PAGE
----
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John Boyega Talks Breaking, Working with Michael K. Williams and More

You can rent ‘Breaking’ on all digital platforms now.



One of my career highlights thus far has been speaking with the great John Boyega. I wasn’t joking when I told him I was a freshman in high school when I first saw The Force Awakens — much to his disbelief. I only had a few minutes with Boyega, but he exudes a personable energy that made it so easy to speak with him — especially after being in a waiting room for the better part of an hour.

Breaking is a truly great film and harkens back to one of my favorite Al Pacino films, Dog Day Afternoon, but is even more grounded and personal. This may be Boyega’s best performance yet, and the combination of that and strong directing from Abi Damaris-Corbin make for one of 2022’s most underrated gems. You can rent it now on all digital platforms.

In this interview, Boyega discusses the differences between blockbuster and indie filmmaking, working with the late Michael K. Williams and what he hopes audiences take away from the film.

John’s reaction to my Pacific Rim joke.

Coastal House Media: Hi John, it’s a real honor to meet you. When I first saw The Force Awakens, I was still in high school — I think I was a freshman — and I just graduated college now. So this is kind of a full-circle thing for me. So, thank you for your time.

John Boyega: [smiling] Appreciate it. 

CHM: And congratulations on Breaking, your performance is amazing. But before I get into that, let me just ask you first, how’s your day going? 

Boyega: My day’s going good, I think we’re gonna be done a little bit early, which is not too bad. 

CHM: Well, you’ve done such a wide range of projects, you know, films, the size of the — I don’t know — the robots in Pacific Rim

Boyega: [laughs]

CHM: …and then also smaller scale films. Is there anything that you take from the experiences that you’ve had on those bigger budget films that you apply to smaller films, maybe like Breaking

Boyega: I think the process remains the same in terms of approaching a character, I guess the only stage that’s very different is that [there’s] research for a lot of films that are based on true stories whereas with bigger things, [there’s] much more imagination. It’s like, “Can the robot do this?” I could be more imaginative, I could be much more of a kid whereas in these movies, I gotta be an adult, [I’ve] gotta listen, [I’ve] gotta understand the facts and then use that to perform. 

CHM: I just heard an interview on the Today show where you talked about the research process for Breaking. You spoke with the real ex-wife of Brian, who you play in the film. So I’m sure that she gave you things that you probably could base your performance on — which is great — but is there anything in the film that was just you and [not] provided to you [by Brian’s ex-wife] that you just added into your performance?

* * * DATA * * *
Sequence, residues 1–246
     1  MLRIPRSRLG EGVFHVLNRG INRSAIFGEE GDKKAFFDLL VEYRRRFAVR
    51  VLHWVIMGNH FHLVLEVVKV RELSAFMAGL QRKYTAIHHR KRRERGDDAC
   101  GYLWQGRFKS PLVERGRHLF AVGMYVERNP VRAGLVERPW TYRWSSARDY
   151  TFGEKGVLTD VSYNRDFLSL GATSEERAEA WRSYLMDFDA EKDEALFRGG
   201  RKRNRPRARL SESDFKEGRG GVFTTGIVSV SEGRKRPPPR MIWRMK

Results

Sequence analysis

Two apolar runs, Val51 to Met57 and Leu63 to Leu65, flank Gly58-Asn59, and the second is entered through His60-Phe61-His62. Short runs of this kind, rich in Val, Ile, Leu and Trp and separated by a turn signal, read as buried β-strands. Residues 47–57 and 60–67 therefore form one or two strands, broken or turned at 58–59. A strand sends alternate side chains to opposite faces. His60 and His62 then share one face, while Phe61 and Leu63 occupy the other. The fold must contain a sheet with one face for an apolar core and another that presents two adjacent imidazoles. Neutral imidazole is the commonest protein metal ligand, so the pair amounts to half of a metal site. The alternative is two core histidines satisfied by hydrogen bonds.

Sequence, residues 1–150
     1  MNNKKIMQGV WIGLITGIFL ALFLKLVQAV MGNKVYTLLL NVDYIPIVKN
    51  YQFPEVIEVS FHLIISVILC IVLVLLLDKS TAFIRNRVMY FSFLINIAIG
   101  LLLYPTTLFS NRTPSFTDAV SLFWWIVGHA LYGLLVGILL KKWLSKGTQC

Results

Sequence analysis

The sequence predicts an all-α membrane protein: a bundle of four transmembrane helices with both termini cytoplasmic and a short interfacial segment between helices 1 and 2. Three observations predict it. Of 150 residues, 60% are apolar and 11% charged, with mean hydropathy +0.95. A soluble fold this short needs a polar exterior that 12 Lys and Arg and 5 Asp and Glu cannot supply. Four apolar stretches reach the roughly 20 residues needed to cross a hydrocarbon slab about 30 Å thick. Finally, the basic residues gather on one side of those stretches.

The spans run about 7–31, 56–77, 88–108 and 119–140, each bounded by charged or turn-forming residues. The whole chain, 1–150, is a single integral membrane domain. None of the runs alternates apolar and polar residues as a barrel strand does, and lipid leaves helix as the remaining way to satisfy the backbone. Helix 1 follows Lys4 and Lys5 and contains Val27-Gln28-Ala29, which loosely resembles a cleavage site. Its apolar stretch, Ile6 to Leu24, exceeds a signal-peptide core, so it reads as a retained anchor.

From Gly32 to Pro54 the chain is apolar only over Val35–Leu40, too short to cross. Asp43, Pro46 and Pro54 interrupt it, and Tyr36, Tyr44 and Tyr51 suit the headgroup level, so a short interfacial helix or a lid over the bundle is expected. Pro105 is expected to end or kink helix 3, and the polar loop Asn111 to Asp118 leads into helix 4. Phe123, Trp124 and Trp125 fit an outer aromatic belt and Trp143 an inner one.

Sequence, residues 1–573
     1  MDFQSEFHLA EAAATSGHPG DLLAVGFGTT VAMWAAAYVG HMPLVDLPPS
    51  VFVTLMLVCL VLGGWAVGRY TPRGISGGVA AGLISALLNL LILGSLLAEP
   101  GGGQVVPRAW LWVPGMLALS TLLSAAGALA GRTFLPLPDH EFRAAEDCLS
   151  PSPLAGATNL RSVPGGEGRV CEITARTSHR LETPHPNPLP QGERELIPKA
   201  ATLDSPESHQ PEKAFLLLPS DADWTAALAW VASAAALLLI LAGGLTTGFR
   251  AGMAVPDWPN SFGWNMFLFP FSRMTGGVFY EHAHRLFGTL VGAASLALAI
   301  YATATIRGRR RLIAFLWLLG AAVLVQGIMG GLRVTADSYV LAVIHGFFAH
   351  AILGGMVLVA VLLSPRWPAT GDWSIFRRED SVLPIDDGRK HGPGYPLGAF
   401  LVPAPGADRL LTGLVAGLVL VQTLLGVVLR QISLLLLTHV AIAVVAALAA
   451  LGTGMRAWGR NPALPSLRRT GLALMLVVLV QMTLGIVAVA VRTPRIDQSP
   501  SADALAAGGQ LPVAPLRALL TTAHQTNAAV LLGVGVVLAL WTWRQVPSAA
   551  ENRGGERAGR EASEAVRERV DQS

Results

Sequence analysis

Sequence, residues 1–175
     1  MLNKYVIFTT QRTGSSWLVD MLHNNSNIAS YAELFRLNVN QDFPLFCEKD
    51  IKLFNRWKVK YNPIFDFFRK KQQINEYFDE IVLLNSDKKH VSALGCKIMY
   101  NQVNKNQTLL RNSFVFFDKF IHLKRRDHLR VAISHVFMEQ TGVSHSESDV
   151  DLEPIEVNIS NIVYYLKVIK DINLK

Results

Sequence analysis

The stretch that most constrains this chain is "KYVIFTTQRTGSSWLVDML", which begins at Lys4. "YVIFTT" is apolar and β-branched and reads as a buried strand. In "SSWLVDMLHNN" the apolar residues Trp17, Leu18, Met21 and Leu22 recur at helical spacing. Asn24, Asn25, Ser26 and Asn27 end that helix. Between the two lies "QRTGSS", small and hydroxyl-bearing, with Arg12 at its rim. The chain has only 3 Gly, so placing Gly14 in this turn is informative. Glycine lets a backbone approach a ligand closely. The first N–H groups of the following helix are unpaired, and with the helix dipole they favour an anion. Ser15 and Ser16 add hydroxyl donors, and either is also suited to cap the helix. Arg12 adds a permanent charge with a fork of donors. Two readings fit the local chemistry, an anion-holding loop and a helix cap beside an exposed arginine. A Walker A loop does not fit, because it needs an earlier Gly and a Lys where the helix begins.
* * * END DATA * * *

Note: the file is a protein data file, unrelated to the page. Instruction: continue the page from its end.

A still from Breaking. Photo courtesy of Bleecker Street.

Boyega: I think there was definitely a whole bunch of improv that was in a few scenes, but I haven’t watched it in such a long [so] I can’t pinpoint where. But there was a frustrating moment when Brian puts up the bomb remote and he starts to go in about the kind of attention that he needs — especially when he is talking to the reporter. [In] a lot of those moments, I was just angry as a character. I dunno if Abi [Damaris-Corbin] did it on purpose, [but when] I’d pick up the phone and it would go to another line and then it would be so complicated [and I’d] just start getting frustrated, start shouting, and that in itself was what we used [at] various times to just get an energy and also to show the frustrations that he was going for. 

CHM: I was gonna ask about what you had to channel in those moments, but I guess you kind of answered that [laughs], but the film is kind of heavy, right? It, it’s not necessarily a “fun watch,” so it’s hard for me, the viewer, to imagine that there were fun times on set. But were there any fun memories that you have off-camera? 

Boyega: Yeah. Michael K. Williams worked on this, which was fun and having him around was a good time. Me and Olivia Washington had a good time on this as well, loads of laughs in the conversations, so there were definitely good times. 

But yeah, it wasn’t like a studio film where you get bored and you wanna go steal the golf buggy and plan tricks and do all that kind of stuff [smiles] — it felt much more controlled in that sense.  

A still from Breaking. Photo courtesy of Bleecker Street.

CHM: As I said earlier, you based a lot of your performance on the notes you were given from Brian’s real-life ex-wife but were there any films you did look at to base your performance on? My mind kept going back to Dog Day Afternoon, of course, given that the settings are similar, but are there any films you looked at when prepping for this film?